Mama Vinah: The evictions “Bebechitha izindlu bazifkhe emgqomeni,” Vinah said. (They dismantled our houses, and they put them in the waste bin.)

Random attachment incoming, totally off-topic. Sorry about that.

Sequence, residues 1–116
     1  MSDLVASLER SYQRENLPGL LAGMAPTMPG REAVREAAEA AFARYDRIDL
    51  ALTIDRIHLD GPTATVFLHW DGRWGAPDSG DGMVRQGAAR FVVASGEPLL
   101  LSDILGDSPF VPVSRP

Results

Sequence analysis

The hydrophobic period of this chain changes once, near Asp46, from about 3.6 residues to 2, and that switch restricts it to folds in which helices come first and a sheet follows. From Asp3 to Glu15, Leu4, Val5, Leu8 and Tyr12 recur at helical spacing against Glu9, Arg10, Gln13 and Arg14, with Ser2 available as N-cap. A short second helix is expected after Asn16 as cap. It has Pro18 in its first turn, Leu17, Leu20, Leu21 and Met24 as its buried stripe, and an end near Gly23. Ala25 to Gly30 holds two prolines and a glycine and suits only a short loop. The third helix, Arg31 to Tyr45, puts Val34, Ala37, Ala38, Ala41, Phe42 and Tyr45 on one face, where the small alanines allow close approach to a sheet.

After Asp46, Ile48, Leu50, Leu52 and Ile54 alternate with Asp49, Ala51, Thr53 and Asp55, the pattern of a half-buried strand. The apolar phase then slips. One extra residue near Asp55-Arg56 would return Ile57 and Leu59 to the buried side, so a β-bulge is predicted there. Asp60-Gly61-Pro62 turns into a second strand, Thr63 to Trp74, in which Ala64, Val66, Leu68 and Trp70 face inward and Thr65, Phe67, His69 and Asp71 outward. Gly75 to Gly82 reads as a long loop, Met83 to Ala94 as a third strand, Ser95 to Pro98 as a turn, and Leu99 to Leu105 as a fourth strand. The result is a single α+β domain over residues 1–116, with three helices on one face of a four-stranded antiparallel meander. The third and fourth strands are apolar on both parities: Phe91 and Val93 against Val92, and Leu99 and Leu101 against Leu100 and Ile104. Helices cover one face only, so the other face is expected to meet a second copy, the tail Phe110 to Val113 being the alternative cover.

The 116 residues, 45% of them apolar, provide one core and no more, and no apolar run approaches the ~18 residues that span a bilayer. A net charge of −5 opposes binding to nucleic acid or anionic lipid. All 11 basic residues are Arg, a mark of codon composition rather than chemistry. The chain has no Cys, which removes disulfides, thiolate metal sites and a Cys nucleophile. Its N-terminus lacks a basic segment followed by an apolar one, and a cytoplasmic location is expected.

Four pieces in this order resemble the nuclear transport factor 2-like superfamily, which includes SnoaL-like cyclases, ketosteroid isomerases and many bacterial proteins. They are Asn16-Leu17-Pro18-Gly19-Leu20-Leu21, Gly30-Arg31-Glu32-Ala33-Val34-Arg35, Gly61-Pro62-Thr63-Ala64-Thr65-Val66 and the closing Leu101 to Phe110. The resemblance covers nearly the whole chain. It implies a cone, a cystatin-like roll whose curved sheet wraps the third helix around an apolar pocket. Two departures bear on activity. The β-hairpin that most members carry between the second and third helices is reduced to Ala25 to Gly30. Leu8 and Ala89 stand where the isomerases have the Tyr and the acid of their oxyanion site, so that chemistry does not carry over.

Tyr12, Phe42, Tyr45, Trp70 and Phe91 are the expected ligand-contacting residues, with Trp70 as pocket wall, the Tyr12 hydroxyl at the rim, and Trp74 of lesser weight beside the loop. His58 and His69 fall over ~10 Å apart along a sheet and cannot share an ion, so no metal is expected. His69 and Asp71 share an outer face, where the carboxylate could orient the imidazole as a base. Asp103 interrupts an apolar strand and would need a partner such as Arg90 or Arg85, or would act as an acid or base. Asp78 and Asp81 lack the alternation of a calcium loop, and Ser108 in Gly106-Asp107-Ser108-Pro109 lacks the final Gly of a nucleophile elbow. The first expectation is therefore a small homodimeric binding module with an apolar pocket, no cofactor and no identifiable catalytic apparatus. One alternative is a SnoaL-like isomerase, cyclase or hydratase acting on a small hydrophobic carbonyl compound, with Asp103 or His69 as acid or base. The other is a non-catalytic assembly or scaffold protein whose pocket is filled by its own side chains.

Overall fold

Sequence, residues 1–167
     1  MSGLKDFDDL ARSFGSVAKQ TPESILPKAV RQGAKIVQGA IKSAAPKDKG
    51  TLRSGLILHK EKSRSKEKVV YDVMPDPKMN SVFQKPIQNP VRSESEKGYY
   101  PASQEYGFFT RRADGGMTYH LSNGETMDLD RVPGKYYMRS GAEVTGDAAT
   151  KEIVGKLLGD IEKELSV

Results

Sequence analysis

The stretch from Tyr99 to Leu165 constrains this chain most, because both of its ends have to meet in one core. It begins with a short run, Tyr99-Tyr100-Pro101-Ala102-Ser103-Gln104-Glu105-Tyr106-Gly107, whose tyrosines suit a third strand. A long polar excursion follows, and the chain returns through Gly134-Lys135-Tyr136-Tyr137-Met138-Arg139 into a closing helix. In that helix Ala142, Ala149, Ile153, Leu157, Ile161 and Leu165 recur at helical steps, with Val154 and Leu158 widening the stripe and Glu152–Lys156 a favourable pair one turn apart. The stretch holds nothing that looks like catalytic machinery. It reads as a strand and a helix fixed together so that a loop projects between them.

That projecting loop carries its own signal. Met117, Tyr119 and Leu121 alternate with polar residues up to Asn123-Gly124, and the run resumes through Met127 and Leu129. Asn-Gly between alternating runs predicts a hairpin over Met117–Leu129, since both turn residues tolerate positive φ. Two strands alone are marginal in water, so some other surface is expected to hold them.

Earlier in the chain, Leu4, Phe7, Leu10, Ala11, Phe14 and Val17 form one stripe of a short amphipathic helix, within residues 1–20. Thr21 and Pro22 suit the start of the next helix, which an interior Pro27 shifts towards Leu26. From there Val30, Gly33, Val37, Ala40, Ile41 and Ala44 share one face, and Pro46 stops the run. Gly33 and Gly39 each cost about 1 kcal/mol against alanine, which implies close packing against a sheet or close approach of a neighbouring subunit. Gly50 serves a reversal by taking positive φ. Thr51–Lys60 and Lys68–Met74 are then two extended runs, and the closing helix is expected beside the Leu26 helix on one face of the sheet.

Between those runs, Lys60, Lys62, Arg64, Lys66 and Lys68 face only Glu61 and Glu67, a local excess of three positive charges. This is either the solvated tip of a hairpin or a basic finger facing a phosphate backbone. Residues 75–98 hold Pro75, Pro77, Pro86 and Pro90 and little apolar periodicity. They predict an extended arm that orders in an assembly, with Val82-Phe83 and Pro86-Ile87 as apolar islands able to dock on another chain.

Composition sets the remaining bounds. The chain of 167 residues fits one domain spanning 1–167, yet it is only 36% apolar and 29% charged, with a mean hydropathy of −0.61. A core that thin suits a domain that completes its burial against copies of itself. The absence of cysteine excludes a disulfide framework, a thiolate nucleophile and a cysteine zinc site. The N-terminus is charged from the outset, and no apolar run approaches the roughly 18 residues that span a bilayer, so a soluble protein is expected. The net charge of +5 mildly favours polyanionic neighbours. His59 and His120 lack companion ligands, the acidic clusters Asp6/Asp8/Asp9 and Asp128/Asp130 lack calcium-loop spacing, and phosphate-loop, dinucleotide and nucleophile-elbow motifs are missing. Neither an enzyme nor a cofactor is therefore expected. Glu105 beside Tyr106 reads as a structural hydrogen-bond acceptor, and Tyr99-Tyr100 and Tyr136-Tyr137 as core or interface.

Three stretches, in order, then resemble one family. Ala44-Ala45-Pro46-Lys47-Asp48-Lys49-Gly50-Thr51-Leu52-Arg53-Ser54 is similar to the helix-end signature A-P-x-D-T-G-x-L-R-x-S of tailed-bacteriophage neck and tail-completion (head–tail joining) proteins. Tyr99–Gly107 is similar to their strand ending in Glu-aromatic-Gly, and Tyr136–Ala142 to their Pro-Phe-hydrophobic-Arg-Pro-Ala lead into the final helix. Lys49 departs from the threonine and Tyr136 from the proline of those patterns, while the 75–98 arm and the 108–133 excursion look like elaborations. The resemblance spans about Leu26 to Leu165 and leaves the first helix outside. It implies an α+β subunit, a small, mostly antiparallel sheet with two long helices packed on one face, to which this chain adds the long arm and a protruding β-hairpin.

As someone who has had her property, home, and everything in between taken from her, Mama Vinah never lost sight of her self-worth. She has an understated dignity about her that does not need to be announced. It shows through her warm expressions, friendly handshakes, adorable chuckles, and quiet disposition. When you walk into the room, Vinah may not be the first person you notice as she holds small conversations with those in closest proximity while knitting an intricate scarf. It was in 1994 that Vinah and her family were evicted from Old Crossroads, but what happened would be better described as a forced removal than an eviction. Inspectors showed up to Vinah’s house, knocked on her door, and aggressively instructed her that her four children, her husband, and she needed to move out from their home that same day. This was often the case with these types of forced removals. Families would be expected to leave on command and would not receive even a day’s notice. The inspectors would destroy furniture and nearly all of the belongings of the homes they demolished. Mama Vinah does not even have her ‘don’t pass’ card to remember that time in her life because the inspectors destroyed it. Vinah knew that day was coming when she would need to leave Old Crossroads, as she had been living in hiding from the moment she moved there, always aware that she could be arrested yet again. The idea of being forced from her home was a repetitive pattern in the course of her life. Before she fled to Old Crossroads, Vinah and her husband were forced out of their home in Steinberg. She knew how brutal the inspectors could be, which is why she described her life in Crossroads by saying: “Sasingahlalanga kamandi sasisoyika ngalonke ixesha,” she said.(We lived in fear. We did not live peacefully.) This constant sense of fear arose from the exploitation and violation that Vinah experienced as strangers invaded and uprooted her life without regard to her family. Although no one else seemed to understand that she had a family to take care of, her husband and her children were Vinah’s primary motivation for remaining in Cape Town throughout such tumultuous situations. She believed that in order for her children to thrive and her family to be the healthiest it could be, they all needed to stick together. She explains why she persevered through the struggle for family life from Old Crossroads to Lower Crossroads by saying, “Ndiandi khusela abantwana baimi nemtanelo zam," she said. (I was protecting my children and what belonged to me. As a wife, I was taking care of my home and protecting and providing what a wife should for her family.) Supporting her family is still Vinah’s biggest priority. After experiencing the brutality of forced removal after forced removal, she has resided in her home in Lower Crossroads for 20 years, along with all seven of her wonderful grandchildren. A natural mother, Mama Vinah is one of the founding caregivers of her community that she can finally proudly and permanently call home.